Vegetable Oils or Fats
In supplement drinks that are marketed to help with weight loss, fats are added to enhance their richness, giving them a richer texture that makes you feel full. These come from processed sources loaded with trans fats, which are more harmful than saturated fats.
Even if you’re on a high-fat diet, this is bad news because trans fats aren’t helpful for ketosis. Often, the label may say that the supplement is keto-friendly due to the lack of caloric sweeteners and carbohydrates. However, trans fats are the worst source of fat while on a keto diet.
Skim Milk Powder
Low-quality protein powders may often contain skim milk powder as a bulking agent. They may even be on the ingredient label for weight loss shakes. Make sure to steer clear of these, especially if you’re on a high-fat diet, since milk solids are high in lactose sugar. Even if you’re not on the keto diet, you could risk experiencing gastrointestinal issues like constipation, loose stools, and flatulence.
Whey Protein Concentrate blends (WPC)
Also known as casein or caseinate, this substance is often found in protein powder blends as a source of protein. However, they can be high in lactose sugar, which can lead to side effects like bloating and flatulence. And if you’re on a high fat diet, high doses of lactose sugar can potentially knock you out of ketosis. If you’re lactose intolerant, a better option is to find a whey protein product containing hydrolysate or whey isolate.
These are usually added to increase bulk and help the manufacturer save on costs. They can add fillers like psyllium fibre or coconut flour, which can lead to gastrointestinal problems. These act as a source of extra carbohydrates as well, which can lead to weight gain.
Here are some of the most common drinks that are perceived as healthy, but aren’t really so.
The visual of having a glass of fruit juices gives off a clean-eating, health-conscious aesthetic, which explains why so many people consider it healthy. However, fruit juice is often loaded with concentrated sugar and calories that can contribute to weight gain, and a string of other problems like high blood pressure and diabetes.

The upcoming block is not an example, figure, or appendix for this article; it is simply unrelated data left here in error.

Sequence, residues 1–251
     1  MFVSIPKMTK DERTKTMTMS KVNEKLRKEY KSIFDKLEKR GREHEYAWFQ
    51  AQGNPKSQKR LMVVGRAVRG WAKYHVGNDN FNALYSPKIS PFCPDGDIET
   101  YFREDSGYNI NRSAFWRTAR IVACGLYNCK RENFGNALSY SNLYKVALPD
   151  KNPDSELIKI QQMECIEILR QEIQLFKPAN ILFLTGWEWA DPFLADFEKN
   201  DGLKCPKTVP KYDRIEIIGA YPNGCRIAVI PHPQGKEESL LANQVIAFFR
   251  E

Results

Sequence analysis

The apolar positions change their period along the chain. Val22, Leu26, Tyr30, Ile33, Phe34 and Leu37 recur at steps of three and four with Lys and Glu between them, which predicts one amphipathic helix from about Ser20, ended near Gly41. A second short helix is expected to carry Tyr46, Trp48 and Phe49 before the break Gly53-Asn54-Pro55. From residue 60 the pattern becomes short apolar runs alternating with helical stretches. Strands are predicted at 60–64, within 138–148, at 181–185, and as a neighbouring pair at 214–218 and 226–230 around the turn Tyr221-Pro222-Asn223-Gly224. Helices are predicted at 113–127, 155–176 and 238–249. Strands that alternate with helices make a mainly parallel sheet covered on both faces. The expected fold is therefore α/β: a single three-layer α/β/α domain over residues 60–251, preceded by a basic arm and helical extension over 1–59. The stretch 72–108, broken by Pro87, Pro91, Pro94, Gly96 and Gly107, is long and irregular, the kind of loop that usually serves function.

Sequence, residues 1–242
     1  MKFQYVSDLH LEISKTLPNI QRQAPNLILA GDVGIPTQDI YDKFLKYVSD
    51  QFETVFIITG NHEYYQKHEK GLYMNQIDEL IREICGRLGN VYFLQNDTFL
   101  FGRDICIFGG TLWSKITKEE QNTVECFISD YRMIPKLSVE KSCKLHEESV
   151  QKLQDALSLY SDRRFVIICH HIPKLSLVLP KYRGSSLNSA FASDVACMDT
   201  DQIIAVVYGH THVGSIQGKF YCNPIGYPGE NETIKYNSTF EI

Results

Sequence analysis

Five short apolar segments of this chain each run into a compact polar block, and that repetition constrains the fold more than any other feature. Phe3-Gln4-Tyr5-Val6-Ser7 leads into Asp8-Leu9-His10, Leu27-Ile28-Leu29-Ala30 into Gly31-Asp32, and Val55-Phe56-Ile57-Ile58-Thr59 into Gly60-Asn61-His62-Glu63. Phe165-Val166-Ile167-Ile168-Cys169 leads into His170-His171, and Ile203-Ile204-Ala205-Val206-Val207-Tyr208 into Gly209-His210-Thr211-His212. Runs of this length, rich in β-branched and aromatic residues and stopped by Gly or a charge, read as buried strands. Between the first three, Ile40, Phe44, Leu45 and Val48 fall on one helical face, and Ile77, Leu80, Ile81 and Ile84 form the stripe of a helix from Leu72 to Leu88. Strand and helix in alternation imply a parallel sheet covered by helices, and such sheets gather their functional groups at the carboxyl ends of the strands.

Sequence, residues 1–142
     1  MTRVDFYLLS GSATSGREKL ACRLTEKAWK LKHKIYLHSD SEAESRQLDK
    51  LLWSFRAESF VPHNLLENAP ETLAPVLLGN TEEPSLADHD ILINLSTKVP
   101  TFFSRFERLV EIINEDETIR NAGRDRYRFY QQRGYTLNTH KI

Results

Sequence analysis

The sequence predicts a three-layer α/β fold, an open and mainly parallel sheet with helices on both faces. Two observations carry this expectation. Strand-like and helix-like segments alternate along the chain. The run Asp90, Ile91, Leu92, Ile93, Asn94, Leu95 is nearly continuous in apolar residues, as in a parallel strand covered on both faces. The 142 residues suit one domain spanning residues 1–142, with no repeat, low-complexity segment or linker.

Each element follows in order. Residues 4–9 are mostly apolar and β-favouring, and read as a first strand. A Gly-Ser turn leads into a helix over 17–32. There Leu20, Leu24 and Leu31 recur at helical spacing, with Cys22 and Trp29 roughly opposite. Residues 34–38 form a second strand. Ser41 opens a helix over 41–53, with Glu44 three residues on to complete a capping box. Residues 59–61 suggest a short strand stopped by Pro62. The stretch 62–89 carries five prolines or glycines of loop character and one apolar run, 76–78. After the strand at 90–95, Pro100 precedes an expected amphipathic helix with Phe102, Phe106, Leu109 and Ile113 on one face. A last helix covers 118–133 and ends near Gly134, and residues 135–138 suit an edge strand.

While advertisements may show an image of a lean model sipping on an electrolyte drink during their workout, the ingredients in most sports drinks can be counterproductive. In fact, such drinks can often end up containing as much sugar as a carbonated beverage, which ultimately leads to weight gain.
If you’re not careful about which protein powder you buy, you could be purchasing an overpriced supplement that bulks up a glass of milk until it contains 1200 calories. Even if they don’t contain added sugar, other ingredients like whey protein concentrate and milk solids can end up increasing blood sugar levels. This is not to say there are not good supplements but understand your labels.
While an occasional energy drink isn’t particularly dangerous, having many at one time can increase blood pressure and heart rate.
Regardless of your diet, it’s best to have a minimalist approach towards the food supplements you buy: the fewer ingredients, the better. Also, make sure to learn about the different names of ingredients so you can spot when manufacturers have added potentially harmful ingredients to a food product. And if you’re on a high-fat diet, you’ll have to look beyond the ‘keto-friendly’ label and look at the ingredients yourself.